Zvikomborero Parafini, Court Reporter
The nine-member gang led by Musa Taj Abdul was Tuesday convicted of illegal possession of a firearm and ammunition after the presiding magistrate ruled that the State proved its case beyond reasonable doubt as they have all proven to be guilty by association.
Abdul and his accomplices Liberty Mupamhanga, Prince Makodza, Godfrey Mupamhanga, Charles Lundu, Rudolph Kanhanga, Innocent Jairos, Tapiwa Mangoma and Carrington Marasha were convicted after a full trial by Harare provincial magistrate Barbra Mateko.
The nine who were arrested in Beitbridge pleaded not guilty and disputed ever being in physical possession of the firearm in question and were gathered at the house in question to have a business meeting as they are all in the transport business when the police pounced on them.
“The nine accused persons pleaded not guilty and through their legal representatives disputed ever being in physical possession of the gun and ammunition and don’t know how they were recovered or implicated and they had gathered to have a meeting as they are all in the business of transport.
“Mangoma claimed that he was a police officer and a clearing agent at the Beitbridge border post and stated that when the police stormed into his place no search was done but the charges were malicious because of his association with suspected criminals.
“It was the state’s duty to lead evidence to prove its case beyond reasonable doubt and they opened their case by leading evidence from Joseph Chari stationed at ZRP Beitbridge main post who told the court that he knew Mangoma as a work mate and they received information that the gang was on the run and had been seen at Mashaire business centre and Marasha was followed from the shops to number1184 Dulibadzimu and when he was about to get in the gate he saw the police and whistled to alert the others who tried to run away but were surrounded and arrested after warning shots were fired.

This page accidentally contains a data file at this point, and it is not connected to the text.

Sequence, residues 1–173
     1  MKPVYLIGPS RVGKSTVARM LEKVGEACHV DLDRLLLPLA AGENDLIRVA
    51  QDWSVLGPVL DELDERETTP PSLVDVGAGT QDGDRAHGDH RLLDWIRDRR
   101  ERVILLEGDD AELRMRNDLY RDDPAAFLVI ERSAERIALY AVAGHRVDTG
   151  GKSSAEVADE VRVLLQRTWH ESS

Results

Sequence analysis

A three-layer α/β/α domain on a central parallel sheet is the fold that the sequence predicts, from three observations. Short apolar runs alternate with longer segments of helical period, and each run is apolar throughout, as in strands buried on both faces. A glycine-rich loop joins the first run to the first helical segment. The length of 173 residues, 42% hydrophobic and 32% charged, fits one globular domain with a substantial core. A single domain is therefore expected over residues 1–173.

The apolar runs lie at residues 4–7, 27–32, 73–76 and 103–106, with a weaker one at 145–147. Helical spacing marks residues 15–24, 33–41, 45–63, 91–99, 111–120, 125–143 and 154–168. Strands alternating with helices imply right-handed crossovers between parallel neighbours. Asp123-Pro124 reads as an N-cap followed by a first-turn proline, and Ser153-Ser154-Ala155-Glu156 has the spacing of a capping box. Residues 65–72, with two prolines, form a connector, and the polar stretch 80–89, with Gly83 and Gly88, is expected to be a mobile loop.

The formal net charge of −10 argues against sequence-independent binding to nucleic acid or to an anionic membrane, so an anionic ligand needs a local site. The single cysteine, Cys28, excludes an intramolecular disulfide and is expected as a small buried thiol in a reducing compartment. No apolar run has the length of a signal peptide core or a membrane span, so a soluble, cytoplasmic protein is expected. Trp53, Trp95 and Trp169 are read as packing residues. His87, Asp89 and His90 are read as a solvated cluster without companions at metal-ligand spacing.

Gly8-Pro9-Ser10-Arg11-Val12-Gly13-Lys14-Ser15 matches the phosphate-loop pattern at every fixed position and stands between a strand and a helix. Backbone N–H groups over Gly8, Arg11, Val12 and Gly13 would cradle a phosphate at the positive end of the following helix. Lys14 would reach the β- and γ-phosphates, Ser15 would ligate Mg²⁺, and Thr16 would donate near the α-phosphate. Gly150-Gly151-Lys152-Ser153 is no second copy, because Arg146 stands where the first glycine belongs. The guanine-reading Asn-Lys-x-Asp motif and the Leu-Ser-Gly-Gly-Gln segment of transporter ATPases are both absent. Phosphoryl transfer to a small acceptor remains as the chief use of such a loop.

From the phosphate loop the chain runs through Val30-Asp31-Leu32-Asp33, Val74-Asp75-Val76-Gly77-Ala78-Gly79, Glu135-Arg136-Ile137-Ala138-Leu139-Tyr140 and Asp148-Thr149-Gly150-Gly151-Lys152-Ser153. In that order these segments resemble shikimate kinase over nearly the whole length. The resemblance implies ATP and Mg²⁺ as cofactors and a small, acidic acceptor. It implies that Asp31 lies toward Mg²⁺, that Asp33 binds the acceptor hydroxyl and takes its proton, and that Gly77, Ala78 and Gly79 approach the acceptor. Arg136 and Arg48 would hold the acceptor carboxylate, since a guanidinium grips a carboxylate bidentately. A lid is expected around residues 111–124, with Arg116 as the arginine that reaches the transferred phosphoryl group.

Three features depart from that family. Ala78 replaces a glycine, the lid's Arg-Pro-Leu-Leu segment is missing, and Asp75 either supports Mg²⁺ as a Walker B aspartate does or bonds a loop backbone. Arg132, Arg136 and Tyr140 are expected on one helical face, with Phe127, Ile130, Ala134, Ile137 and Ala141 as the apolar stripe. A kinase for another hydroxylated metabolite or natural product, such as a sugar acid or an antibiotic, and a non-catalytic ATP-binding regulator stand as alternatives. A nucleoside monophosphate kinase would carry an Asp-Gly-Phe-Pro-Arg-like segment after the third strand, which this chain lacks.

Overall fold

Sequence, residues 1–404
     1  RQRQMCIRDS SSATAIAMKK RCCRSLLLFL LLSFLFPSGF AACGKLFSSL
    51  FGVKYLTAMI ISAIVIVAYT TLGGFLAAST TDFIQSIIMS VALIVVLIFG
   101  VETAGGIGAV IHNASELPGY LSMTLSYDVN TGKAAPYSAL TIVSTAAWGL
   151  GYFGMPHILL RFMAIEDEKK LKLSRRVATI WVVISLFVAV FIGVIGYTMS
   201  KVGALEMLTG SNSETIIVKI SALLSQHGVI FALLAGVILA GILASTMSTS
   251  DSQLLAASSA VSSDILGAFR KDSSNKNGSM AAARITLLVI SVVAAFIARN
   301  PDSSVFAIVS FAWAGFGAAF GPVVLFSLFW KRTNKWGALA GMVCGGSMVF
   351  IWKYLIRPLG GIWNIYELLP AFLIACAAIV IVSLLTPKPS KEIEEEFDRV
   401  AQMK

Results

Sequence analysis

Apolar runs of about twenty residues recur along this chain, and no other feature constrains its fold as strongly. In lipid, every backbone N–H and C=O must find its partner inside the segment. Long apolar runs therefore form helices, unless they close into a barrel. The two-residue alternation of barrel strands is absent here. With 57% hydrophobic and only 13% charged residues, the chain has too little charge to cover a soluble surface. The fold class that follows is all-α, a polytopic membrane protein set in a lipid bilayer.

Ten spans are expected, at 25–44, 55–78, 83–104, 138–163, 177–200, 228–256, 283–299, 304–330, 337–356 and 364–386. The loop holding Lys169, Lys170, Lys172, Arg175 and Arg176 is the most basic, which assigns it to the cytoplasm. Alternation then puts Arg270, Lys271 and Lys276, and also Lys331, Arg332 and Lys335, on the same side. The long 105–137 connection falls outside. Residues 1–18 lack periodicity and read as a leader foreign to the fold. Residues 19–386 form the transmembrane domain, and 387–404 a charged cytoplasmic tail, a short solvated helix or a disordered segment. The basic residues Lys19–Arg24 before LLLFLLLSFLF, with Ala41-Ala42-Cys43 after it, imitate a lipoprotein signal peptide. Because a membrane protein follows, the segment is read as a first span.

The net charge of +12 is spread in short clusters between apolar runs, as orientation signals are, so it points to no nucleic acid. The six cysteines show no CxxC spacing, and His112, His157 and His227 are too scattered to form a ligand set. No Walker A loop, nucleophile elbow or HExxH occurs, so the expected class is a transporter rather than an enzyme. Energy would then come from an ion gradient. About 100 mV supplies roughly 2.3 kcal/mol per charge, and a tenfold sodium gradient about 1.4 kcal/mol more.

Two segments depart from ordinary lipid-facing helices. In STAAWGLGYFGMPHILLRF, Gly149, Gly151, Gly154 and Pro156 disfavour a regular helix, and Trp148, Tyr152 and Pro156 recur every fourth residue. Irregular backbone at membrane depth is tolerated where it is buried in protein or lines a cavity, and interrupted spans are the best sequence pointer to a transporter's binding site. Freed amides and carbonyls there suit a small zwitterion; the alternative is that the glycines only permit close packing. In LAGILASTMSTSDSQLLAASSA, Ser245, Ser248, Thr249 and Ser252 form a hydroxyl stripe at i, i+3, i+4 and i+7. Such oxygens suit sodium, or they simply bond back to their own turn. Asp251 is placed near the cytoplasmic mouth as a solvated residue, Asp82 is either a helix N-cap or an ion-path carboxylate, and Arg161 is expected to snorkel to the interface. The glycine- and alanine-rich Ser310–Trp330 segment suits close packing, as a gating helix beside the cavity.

“When the police got in Mangoma had a black satchel and he tried to hide it in a laundry basket and when the police searched the bag they found the guns and ammunition, all this was corroborated by the second witness,” she said.
“Of the evidence there are facts that are not in default and these are that they were at 1184 Dulibadzimu, they were at Mangoma’s place of residence and he’s a police officer, they are not licensed holders of a firearm and that the pistol was tendered before this court so what was supposed to be established was whether they were in illegal possession of the firearm.
“Illegal possession in this jurisdiction refers physical possession and the mental possession of the possessor hence joint possession of an article is possible, the court noted that the first witnesses corroborated each other on how they followed Marasha and how they had recovered the fire arm on the day
“If they were having a genuine meeting they weren’t supposed to run away causing the police to use force, nothing was produced to confirm that they were in to transport business and there was no need to run away f it was a genuine business meeting, the onus was on them to prove that they were not illegal possession.
“It is the court’s finding that they are all guilty by possession failing to explain why they were at that particular place or why they ran away when approached by the police, how they reacted when the police approached the house in Dulibadzimu and the requirements of the doctrine of common purpose are being present at the scene secondly the knowledge of the criminal act and the association with the perpetrators.
“There’s no inference that can be drawn by the court but to think that they wanted to commit crimes, the State managed to prove its case and they are found guilty as charged,” she said.
The gang was deferred to today for sentence because one of their lawyers Concillia Mahiya was not in court to assist in mitigation.
Francesca Mukumbiri and Oscar Madhume appeared for the State.